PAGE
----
HISTORY: In 1834 the convent side was purchased by the Rev. John Jones with a bequest of £10,000 from Lady Stanley of Puddington. Funds were raised to provide a Roman Catholic Church, a priest's house and a convent, which was originally proposed to be occupied by the Irish Sisters of Charity. Plans of circa 1834 survive for two imposing Italianate style schemes for a church and convent drawn up by the architect Charles Parker, the first with central church with eight Doric columns and elaborate clock tower, the second with central church with similar clock tower but only four columns. The scheme for the church was not in the end adopted although Parker's Italianate influence in a watered down version is shown in the west end and loggia of the convent building. A church or chapel was being constructed on the site in 1837, probably in the convent building, and by 1839 a Gothic design rather than an Italianate style chapel was being proposed. A Gothic style church was commenced but only the outer walls were completed, to the top of the aisle windows, buttresses and the entrance of the south porch. It remained in an uncompleted form between circa 1850 and 1856. A contemporary photograph shows its uncompleted state. It is thought to have been conmmenced by Augustus Welby Pugin and "The Builder" of 1850 refers to Pugin's "St Leonard's College chapel rood screen" drawing exhibited at the RA in 1850. In the event the Irish Sisters of Charity rejected the Rev. Jones offer of accommodation, but in 1848 the newly formed teaching order, The Society of the Holy Child Jesus, founded by Cornelia Connelly, moved to the convent at St Leonard's. Plans to complete the chapel by William Wilkinson Wardell, who was constructing buildings on the site between 1846 and at least 1856 were not taken forward and also designs by Goldie and an unknown Scottish architect were rejected. The convent refectory served as a chapel between 1850 and 1868 until Edward Welby Pugin completed the chapel in 1869. While shortening the earlier church, he kept the exterior of the retained sections exactly as they had been left. Work continued after the chapel was consecrated in October 1868. The carved corbels were not put in until 1874. The altars of St Walburga in the north aisle (with a tabernacle with phials of her oil) and St Theophila in the south aisle, a virgin martyr whose bones were found in the Catacombs and presented to the Society in 1855 where they reposed in a reliquary under the altar, are typical of the firm of Pugin and Pugin. The east window was completed in 1872 but the stained glass was replaced in 1950 after bomb damage. The present reredos/altar screen was installed in 1874 with a tabernacle designed by Cuthbert Pugin. Choir stalls were installed by 1876 but may have been replaced in 1886. The organ was added in 1881.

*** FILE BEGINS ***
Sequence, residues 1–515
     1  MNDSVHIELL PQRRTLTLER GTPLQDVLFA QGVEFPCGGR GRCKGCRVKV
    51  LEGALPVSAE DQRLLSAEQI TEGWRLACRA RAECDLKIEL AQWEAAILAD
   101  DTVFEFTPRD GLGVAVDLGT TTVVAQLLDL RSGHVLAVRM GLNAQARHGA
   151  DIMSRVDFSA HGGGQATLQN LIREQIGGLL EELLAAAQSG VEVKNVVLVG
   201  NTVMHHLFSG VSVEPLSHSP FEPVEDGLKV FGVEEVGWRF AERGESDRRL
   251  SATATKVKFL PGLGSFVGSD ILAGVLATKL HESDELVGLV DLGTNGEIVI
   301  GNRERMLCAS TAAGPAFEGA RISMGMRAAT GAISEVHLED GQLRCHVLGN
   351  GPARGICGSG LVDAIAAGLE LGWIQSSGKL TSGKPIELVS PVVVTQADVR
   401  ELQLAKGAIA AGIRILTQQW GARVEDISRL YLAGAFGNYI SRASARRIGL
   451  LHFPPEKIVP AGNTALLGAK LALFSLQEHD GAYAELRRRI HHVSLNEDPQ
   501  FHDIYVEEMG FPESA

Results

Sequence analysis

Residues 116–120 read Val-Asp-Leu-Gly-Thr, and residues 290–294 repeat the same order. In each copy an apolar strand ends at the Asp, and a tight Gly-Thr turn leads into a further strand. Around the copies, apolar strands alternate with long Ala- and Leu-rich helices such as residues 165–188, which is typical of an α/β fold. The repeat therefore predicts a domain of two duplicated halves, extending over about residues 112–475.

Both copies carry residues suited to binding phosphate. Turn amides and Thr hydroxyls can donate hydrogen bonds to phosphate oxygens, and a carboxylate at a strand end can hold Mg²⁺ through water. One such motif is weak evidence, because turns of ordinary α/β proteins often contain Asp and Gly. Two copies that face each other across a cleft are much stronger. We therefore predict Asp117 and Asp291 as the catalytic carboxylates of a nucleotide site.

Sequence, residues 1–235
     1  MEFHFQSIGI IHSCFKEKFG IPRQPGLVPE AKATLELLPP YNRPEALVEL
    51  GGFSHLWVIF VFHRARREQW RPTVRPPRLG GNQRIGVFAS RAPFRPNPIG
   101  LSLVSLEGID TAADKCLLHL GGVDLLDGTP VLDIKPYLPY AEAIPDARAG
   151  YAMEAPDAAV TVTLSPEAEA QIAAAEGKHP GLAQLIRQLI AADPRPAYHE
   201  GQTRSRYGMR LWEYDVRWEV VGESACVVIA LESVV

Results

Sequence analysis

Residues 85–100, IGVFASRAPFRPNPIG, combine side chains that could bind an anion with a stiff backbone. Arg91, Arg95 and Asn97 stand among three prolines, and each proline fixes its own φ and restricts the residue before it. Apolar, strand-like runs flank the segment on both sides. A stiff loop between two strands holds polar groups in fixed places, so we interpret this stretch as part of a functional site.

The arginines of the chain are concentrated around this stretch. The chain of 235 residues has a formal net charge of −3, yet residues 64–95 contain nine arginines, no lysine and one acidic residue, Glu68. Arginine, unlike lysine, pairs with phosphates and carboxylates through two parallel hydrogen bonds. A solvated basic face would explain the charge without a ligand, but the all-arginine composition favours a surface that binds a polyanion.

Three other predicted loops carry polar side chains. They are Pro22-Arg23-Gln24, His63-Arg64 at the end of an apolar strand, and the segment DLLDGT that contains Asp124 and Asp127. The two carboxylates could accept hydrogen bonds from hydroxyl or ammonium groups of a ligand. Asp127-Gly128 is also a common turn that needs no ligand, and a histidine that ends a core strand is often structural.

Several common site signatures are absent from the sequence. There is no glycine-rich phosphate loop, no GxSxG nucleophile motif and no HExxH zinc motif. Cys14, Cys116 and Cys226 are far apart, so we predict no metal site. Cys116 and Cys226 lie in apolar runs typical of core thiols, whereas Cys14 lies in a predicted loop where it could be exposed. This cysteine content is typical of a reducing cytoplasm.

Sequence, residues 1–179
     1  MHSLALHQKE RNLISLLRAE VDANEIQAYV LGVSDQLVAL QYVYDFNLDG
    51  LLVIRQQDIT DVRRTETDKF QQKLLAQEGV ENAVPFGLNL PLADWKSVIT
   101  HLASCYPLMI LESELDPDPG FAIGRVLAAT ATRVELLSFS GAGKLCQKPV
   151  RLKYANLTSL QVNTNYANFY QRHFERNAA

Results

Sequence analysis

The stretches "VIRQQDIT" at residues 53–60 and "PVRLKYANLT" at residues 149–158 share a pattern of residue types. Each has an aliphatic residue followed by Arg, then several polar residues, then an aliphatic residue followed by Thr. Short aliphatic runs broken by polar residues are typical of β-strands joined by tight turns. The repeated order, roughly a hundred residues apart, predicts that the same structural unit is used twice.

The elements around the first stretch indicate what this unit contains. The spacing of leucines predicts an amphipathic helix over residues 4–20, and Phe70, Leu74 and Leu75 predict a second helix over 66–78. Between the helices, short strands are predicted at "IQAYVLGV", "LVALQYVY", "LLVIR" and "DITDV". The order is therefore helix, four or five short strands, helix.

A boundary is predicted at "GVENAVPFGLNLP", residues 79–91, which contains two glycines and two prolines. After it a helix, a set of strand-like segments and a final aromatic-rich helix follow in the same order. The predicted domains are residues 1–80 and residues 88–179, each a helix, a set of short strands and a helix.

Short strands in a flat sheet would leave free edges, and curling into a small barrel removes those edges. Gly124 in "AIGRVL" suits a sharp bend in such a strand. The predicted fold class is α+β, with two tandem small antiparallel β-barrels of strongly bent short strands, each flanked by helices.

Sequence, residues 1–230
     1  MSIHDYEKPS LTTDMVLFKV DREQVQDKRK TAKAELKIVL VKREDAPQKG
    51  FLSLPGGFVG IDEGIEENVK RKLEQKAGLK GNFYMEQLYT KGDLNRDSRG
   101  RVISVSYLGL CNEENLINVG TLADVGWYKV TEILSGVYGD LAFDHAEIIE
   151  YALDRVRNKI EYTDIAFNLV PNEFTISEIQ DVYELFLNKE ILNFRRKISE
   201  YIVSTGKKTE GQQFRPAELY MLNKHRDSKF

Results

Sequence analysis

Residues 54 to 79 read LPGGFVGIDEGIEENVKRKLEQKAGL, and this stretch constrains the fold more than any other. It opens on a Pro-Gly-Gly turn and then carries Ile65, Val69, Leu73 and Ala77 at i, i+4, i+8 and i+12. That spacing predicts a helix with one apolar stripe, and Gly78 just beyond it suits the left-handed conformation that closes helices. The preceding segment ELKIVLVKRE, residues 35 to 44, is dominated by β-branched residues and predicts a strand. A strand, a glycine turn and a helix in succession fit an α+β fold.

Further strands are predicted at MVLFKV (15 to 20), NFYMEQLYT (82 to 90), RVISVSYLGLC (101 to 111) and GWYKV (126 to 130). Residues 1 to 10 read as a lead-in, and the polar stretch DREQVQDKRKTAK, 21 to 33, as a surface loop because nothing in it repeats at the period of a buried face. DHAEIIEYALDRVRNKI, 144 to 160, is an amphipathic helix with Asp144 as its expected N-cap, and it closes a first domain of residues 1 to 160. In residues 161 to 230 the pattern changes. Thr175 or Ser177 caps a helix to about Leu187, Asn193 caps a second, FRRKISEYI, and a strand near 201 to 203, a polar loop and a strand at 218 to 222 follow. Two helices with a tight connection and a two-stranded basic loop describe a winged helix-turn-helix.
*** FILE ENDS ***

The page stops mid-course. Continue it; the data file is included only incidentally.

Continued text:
STATEMENT OF IMPORTANCE: An intact High Victorian Gothic interior of outstanding quality, including altars and reredos by the firm of Pugin and Pugin, Hardman and Co. glass, marble and tilework, painted walls and choir ceiling. It is also an example of an increasingly rare survival of a Roman Catholic chapel retaining the nun's choir. For its architectural quality, intactness and reflection of earlier forms of liturgy and devotional practice this chapel is listed at grade II*.

Pevnner "Buildings of England: Sussex". p.520.

This text is from the original listing, and may not necessarily reflect the current setting of the building.